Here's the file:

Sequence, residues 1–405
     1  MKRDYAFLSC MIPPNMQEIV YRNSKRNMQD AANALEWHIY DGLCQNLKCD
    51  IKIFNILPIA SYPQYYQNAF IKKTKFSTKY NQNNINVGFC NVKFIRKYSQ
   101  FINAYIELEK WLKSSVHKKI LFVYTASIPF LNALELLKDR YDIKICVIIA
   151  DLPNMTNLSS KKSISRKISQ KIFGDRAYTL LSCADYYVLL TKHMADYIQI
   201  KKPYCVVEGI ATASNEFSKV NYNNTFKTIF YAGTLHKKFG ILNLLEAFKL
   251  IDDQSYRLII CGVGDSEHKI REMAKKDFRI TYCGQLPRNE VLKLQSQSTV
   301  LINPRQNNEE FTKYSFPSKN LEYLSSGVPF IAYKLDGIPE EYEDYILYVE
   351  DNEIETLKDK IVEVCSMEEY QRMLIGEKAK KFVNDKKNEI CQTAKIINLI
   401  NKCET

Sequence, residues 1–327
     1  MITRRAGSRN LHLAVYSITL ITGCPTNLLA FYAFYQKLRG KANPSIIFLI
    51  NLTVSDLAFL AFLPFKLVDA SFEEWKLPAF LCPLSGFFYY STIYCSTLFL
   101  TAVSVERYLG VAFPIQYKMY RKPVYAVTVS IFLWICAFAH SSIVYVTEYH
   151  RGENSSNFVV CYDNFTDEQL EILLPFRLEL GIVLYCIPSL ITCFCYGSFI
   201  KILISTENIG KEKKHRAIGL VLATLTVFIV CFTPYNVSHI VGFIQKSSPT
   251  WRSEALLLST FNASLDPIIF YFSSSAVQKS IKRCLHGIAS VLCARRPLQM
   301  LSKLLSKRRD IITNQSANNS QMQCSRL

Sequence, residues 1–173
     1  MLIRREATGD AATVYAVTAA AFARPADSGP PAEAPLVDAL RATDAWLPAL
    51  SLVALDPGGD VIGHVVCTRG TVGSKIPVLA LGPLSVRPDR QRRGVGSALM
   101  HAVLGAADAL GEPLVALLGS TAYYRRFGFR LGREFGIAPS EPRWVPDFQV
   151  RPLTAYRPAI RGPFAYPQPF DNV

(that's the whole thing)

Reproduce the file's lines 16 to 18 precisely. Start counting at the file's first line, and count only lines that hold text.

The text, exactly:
   201  KILISTENIG KEKKHRAIGL VLATLTVFIV CFTPYNVSHI VGFIQKSSPT
   251  WRSEALLLST FNASLDPIIF YFSSSAVQKS IKRCLHGIAS VLCARRPLQM
   301  LSKLLSKRRD IITNQSANNS QMQCSRL